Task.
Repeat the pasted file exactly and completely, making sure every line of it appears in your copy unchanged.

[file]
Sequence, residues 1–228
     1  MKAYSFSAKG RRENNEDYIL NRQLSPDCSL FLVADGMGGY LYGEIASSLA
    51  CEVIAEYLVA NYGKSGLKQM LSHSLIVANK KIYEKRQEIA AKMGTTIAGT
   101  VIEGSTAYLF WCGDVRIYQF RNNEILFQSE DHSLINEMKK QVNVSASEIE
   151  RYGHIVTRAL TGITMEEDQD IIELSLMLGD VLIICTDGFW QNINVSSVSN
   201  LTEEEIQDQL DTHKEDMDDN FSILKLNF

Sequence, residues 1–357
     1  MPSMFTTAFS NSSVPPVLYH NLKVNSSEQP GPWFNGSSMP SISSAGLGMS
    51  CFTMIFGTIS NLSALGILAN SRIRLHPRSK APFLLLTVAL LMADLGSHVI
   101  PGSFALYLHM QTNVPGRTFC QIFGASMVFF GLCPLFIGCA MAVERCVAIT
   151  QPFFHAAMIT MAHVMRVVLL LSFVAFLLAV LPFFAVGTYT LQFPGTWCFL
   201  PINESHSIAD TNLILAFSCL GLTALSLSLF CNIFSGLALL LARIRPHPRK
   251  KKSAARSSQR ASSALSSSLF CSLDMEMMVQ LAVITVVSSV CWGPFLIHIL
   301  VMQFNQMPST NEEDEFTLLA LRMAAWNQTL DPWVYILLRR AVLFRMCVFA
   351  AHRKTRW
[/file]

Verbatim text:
Sequence, residues 1–228
     1  MKAYSFSAKG RRENNEDYIL NRQLSPDCSL FLVADGMGGY LYGEIASSLA
    51  CEVIAEYLVA NYGKSGLKQM LSHSLIVANK KIYEKRQEIA AKMGTTIAGT
   101  VIEGSTAYLF WCGDVRIYQF RNNEILFQSE DHSLINEMKK QVNVSASEIE
   151  RYGHIVTRAL TGITMEEDQD IIELSLMLGD VLIICTDGFW QNINVSSVSN
   201  LTEEEIQDQL DTHKEDMDDN FSILKLNF

Sequence, residues 1–357
     1  MPSMFTTAFS NSSVPPVLYH NLKVNSSEQP GPWFNGSSMP SISSAGLGMS
    51  CFTMIFGTIS NLSALGILAN SRIRLHPRSK APFLLLTVAL LMADLGSHVI
   101  PGSFALYLHM QTNVPGRTFC QIFGASMVFF GLCPLFIGCA MAVERCVAIT
   151  QPFFHAAMIT MAHVMRVVLL LSFVAFLLAV LPFFAVGTYT LQFPGTWCFL
   201  PINESHSIAD TNLILAFSCL GLTALSLSLF CNIFSGLALL LARIRPHPRK
   251  KKSAARSSQR ASSALSSSLF CSLDMEMMVQ LAVITVVSSV CWGPFLIHIL
   301  VMQFNQMPST NEEDEFTLLA LRMAAWNQTL DPWVYILLRR AVLFRMCVFA
   351  AHRKTRW